The following are obsolete forms of it found in old English writings: Crystmasse, Cristmes, Cristmas, Crestenmes, Crestenmas, Cristemes, Cristynmes, Crismas, Kyrsomas, Xtemas, Cristesmesse, Cristemasse, Crystenmas, Crystynmas, Chrystmas, Chrystemes, Chrystemasse, Chrystymesse, Cristenmas, Christenmas, Christmass, Christmes.
So this is the basis for the celebration of the Nativity and if you want to remember what Christmas means where is W.F. Dawson’s own way:
Christmas blest Feast of the Nativity!
H eaven made thy lowly shrine
R esplendent with the gift of the eternal Deity
I n whom we live and move, whose large benignity
S pared not His Son divine:
T hat well-beloved Son by God was given,
M ankind to save with His redeeming blood;
A nd Jesus freely left the bliss of Heaven,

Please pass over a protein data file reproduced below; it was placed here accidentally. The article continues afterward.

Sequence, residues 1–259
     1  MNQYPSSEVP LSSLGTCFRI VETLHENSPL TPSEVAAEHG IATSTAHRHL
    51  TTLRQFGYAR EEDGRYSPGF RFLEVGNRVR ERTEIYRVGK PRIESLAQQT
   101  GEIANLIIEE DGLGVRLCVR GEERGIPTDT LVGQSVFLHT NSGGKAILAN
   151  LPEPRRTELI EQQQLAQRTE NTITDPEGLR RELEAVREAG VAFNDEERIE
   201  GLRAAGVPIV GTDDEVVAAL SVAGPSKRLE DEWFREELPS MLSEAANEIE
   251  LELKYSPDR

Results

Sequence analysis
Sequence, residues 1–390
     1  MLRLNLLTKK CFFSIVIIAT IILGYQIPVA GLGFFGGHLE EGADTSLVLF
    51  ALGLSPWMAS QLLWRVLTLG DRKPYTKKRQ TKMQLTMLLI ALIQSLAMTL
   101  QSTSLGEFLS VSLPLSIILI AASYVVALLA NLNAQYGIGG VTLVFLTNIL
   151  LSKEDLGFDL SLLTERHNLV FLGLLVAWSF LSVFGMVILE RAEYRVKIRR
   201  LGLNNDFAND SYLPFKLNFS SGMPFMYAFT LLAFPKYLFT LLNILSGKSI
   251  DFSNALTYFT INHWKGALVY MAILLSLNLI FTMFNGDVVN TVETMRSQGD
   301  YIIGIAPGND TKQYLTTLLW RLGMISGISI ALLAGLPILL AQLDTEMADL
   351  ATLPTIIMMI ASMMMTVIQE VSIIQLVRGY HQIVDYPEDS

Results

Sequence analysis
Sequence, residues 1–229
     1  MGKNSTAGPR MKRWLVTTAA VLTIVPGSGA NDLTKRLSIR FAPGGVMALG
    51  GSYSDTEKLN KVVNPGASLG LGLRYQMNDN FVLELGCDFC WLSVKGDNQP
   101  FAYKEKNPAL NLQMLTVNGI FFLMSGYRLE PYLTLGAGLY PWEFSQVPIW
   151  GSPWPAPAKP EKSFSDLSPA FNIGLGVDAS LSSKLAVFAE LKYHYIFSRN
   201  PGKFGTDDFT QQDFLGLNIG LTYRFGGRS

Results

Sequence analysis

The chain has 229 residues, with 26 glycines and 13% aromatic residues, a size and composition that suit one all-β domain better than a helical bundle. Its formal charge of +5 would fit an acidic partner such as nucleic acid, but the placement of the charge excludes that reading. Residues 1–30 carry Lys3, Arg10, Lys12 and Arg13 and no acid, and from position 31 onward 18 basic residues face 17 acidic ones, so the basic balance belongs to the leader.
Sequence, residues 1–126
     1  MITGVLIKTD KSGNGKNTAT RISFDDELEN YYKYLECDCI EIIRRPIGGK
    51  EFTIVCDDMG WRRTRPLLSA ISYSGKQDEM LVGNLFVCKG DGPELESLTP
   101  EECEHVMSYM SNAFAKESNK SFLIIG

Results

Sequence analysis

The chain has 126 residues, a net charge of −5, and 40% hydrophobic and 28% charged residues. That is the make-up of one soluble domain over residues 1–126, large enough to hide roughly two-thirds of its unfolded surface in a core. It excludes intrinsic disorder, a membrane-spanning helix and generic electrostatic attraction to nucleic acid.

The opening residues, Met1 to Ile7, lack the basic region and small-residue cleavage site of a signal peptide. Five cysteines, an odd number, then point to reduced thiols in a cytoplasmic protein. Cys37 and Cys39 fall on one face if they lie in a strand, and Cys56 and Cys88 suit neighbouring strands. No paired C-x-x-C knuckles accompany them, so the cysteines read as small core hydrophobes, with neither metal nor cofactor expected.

S uffering death, to achieve our lasting good
As I said (unlike today) the Victorians were a very religious people some going to Church three, four or five times on a Sunday and Christmas was a special time for them.
But it was Charles dickens who really brought forth the Christmas we know with the success of ‘A Christmas Carol’, a wonderful book that digs at greed and poverty of the Victorian age, shows us scrooge as a:
Oh! but he was a tight-fisted hand at the grindstone, Scrooge! a squeezing, wrenching, grasping, scraping, clutching, covetous old sinner! Hard and sharp as flint, from which no steel had ever struck out generous fire; secret, and self-contained, and solitary as an oyster.
and it is Scrooge who brings the idea that anyone can change!
Scrooge was better than his word. He did it all, and infinitely more; and to Tiny Tim, who did NOT die, he was a second father. He became as good a friend, as good a master, and as good a man as the good old City knew, or any other good old city, town, or borough in the good old world.
You can read ‘A Christmas Carol’ By Charles Dickens Here